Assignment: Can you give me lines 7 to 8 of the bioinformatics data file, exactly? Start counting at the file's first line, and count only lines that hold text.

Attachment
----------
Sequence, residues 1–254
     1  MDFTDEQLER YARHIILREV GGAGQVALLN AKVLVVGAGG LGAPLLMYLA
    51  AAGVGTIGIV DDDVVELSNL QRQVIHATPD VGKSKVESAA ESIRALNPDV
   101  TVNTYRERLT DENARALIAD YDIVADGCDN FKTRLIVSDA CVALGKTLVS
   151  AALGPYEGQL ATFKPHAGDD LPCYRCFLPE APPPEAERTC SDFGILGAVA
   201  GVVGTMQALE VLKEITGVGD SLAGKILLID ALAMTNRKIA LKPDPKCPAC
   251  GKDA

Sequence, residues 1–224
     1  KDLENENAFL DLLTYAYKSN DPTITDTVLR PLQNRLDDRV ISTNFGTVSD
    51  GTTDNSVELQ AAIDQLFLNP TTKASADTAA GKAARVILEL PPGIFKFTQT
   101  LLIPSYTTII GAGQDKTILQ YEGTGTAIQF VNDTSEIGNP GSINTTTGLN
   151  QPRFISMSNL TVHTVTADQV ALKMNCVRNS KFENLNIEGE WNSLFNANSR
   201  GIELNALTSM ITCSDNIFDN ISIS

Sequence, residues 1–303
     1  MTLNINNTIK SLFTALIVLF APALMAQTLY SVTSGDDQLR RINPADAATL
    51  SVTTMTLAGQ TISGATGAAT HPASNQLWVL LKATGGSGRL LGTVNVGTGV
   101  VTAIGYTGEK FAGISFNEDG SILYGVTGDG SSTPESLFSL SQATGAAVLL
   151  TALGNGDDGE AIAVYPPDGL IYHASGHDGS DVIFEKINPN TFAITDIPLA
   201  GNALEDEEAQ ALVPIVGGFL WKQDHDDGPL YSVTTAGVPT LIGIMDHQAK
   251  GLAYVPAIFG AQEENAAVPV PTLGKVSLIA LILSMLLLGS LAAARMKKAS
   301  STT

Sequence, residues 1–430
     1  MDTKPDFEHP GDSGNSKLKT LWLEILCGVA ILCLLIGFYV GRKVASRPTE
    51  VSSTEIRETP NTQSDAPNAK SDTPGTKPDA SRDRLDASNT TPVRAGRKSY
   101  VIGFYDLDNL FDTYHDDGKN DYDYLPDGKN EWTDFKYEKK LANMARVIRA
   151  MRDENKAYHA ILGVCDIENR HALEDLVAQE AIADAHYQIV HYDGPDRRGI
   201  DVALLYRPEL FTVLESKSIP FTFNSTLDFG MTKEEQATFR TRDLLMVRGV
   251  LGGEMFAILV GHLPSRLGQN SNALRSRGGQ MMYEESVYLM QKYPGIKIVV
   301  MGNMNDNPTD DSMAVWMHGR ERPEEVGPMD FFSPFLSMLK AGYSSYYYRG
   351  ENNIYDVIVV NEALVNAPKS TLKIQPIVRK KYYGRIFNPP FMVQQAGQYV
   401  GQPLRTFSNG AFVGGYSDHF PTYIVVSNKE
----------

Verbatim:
   251  GKDA

Sequence, residues 1–224